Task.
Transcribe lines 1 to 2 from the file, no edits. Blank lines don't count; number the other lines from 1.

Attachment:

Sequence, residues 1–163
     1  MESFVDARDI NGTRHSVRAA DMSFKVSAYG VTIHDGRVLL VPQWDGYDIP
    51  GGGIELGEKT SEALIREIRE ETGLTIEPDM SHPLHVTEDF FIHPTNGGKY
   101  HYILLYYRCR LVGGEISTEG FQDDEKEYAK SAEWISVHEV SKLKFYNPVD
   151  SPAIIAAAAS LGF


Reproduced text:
Sequence, residues 1–163
     1  MESFVDARDI NGTRHSVRAA DMSFKVSAYG VTIHDGRVLL VPQWDGYDIP